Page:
Phoenix Command is a combat-oriented role-playing game system published by Leading Edge Games in 1986. Variations of its rules system have also been used in other military games such as Morning Star Missions, Living Steel, and Aliens Adventure Game.

Phoenix Command
DesignersBarry Nakazono, David McKenzie
PublishersLeading Edge Games
SystemsPhoenix Command

Description edit

Although Phoenix Command is ostensibly a role-playing game, and does have character generation and skills resolution systems,[1] the extremely detailed rules for small arms combat are the central focus of the game.[1] The game utilizes lookup tables which resolve injuries to specific digits, organs, and bones, and simulates the physics of different attacks, such as bullets with different velocities.

Publication history edit

Phoenix Command was designed by Barry Nakazono and David McKenzie, and was published by Leading Edge Games in 1986 as a boxed set containing a 56-page spiral bound rule book, 32 page modern military weapon data supplement, reference tables, blank character sheets and one ten-sided die.

Additional supplements were subsequently published, including Hand to Hand Combat System (1988), World War 2 Weapon Data Supplement (1988), Wild West Weapon Data Supplement (1989), Civilian Weapon Data Supplement (1987), Living Steel Power Armour Sourcebook (1991), Advanced Damage Tables (1987), High Tech Weapon Data Supplement (1987), Phoenix Command Advanced Rules for Small Arms Combat (1986), Phoenix Command Damage Tables: Small Arms (1986), and Phoenix Command Small Arms Combat System (1989).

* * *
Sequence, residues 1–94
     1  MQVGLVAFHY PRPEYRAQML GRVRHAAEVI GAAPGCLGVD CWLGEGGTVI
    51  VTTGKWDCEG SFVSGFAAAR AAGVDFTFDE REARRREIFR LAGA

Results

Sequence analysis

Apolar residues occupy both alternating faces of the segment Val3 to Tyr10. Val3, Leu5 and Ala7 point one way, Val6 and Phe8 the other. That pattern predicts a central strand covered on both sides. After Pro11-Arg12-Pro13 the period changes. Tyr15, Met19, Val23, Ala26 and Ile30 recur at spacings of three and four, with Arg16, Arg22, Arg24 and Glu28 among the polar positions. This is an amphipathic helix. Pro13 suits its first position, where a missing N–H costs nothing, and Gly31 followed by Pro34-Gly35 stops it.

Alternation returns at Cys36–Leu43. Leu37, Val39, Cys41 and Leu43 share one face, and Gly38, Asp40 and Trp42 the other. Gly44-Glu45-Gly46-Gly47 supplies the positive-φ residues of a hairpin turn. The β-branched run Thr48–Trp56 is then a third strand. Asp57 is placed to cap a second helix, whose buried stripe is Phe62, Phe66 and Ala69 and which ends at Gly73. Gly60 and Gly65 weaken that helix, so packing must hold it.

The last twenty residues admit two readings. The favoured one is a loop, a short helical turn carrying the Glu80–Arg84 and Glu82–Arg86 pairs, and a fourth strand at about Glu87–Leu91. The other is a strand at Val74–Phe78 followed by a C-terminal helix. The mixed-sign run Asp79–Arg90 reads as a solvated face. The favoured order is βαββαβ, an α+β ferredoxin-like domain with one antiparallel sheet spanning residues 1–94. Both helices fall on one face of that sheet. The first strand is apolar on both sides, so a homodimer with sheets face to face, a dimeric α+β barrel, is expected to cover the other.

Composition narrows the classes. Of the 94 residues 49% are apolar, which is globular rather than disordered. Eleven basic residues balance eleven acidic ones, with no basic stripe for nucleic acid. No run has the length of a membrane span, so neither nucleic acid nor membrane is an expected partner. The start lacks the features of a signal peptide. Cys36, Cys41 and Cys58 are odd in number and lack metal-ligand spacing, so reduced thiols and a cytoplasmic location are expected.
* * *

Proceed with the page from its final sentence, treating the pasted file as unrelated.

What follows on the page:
Reception edit

In his 1990 book The Complete Guide to Role-Playing Games, game critic Rick Swan called this "Less of an RPG than a meticulous combat system" and noted that it was made for "role-players who relish every smack and slash of a combat encounter." Although Swan found the combat system quite complex, he noted that it "plays quite well and produces astonishingly realistic results." Swan found the role-playing rules "merely adequate" and the scenarios "fairly routine", and suggested the game would be more useful as a supplement and reference to other military role-playing games such as Top Secret/S.I. or Twilight 2000. He concluded by giving the game a solid rating of 3 out of 4, saying, "as a combat system, Phoenix Command is top of the line, rivaling the best tactical wargames in detail and sophistication."[1]

Other reviews and commentary edit

References edit

  1. ^ a b c Swan, Rick (1990). The Complete Guide to Role-Playing Games. New York: St. Martin's Press. pp. 156–157.
  2. ^
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External links edit